In June 2007, the Bush administration doubled down on its claim that Zubaydah was involved with 9/11. At a hearing before the congressional Commission on Security and Cooperation in Europe, State Department Legal Adviser John Bellinger, discussing why the Guantánamo prison needed to remain open, explained that it “serves a very important purpose, to hold and detain individuals who are extremely dangerous… [like] Abu Zubaydah, people who have been planners of 9/11.”

Charges Withdrawn

In September 2009, the U.S. government quietly withdrew its many allegations against Abu Zubaydah. His attorneys had filed a habeas corpuspetition on his behalf; that is, a petition to excercise the constitutional right of anyone in government custody to know on what charges they are being held. In that context, they were asking the government to supply certain documents to help substantiate their claim that his continued detention in Guantánamo was illegal. The new Obama administration replied with a 109-page brief filed in the U.S. District Court in the District of Columbia, which is legally designated to hear the habeas cases of Guantánamo detainees.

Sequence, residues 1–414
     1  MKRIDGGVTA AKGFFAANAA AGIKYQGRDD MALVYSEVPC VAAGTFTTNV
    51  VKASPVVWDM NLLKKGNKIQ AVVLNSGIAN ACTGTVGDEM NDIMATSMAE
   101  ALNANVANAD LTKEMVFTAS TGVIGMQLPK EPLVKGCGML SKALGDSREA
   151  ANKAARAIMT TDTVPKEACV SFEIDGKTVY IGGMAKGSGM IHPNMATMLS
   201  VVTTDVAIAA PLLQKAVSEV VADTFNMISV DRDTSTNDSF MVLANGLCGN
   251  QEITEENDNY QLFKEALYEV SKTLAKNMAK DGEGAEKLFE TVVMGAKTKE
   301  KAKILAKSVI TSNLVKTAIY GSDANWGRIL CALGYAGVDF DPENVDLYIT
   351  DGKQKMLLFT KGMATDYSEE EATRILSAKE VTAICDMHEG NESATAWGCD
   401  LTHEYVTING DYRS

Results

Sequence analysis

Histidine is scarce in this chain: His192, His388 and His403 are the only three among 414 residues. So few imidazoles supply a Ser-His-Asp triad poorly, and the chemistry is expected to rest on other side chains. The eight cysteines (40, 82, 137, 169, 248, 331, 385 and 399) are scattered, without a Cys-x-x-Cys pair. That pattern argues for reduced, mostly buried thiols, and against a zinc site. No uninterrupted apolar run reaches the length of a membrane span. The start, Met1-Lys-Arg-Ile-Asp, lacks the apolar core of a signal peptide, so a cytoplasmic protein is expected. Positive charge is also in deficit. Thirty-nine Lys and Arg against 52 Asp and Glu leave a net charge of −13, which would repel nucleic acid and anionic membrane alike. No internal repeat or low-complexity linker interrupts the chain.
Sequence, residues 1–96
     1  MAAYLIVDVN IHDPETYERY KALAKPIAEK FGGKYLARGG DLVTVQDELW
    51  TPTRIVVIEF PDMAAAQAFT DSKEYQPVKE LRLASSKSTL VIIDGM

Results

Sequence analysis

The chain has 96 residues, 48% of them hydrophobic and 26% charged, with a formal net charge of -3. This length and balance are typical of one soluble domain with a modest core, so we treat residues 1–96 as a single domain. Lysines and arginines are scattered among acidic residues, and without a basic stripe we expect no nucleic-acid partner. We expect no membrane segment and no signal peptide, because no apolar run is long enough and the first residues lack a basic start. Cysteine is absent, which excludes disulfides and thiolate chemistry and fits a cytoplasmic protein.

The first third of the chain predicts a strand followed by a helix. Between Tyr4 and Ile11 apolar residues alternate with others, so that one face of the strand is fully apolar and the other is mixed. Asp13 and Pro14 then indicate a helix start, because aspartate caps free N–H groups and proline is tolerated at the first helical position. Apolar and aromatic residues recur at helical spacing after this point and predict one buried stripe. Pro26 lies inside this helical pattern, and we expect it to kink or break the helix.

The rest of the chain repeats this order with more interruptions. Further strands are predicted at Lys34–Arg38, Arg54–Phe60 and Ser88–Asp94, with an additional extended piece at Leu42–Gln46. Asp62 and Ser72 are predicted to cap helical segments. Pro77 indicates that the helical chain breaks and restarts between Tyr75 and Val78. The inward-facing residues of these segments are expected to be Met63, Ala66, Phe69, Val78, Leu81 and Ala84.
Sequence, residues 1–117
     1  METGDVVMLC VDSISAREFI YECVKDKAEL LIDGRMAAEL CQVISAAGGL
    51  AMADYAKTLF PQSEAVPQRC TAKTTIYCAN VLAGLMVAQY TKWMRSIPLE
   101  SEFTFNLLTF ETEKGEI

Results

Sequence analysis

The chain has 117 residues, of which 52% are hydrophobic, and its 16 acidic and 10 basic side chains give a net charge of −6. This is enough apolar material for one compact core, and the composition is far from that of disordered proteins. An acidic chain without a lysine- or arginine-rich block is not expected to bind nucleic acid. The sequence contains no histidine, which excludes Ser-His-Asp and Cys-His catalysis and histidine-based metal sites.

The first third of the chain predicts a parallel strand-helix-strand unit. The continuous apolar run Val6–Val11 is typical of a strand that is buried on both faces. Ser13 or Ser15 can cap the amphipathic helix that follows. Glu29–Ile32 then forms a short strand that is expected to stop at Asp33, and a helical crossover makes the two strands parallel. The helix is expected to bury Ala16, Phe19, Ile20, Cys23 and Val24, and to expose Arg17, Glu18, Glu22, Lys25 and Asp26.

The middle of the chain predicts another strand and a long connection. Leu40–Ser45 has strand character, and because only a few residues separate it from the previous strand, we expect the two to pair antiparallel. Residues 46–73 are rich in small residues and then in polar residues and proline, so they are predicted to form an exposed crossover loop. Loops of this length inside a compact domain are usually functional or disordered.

The bulk of that brief came down to a government argument that was curious indeed, given the years of bragging about Zubaydah’s central role in al-Qaeda’s activities. It claimed that there was no reason to turn over any “exculpatory” documents demonstrating that he was not a member of al-Qaeda, or that he had no involvement in 9/11 or any other terrorist activity — because the government was no longer claiming that any of those things were true.

The government’s lawyers went on to claim, bizarrely enough, that the Bush administration had never “contended that [Zubaydah] had any personal involvement in planning or executing… the attacks of September 11, 2001.” They added that “the Government also has not contended in this proceeding that, at the time of his capture, [Zubaydah] had knowledge of any specific impending terrorist operations” — an especially curious claim, since the prevention of such future attacks was how the CIA justified its torture of Zubaydah in the first place. Far from believing that he was “if not the number two, very close to the number two person in” al-Qaeda, as Secretary of Defense Donald Rumsfeld had once claimed, “the Government has not contended in this proceeding that [Zubaydah] was a member of al-Qaida or otherwise formally identified with al-Qaida.”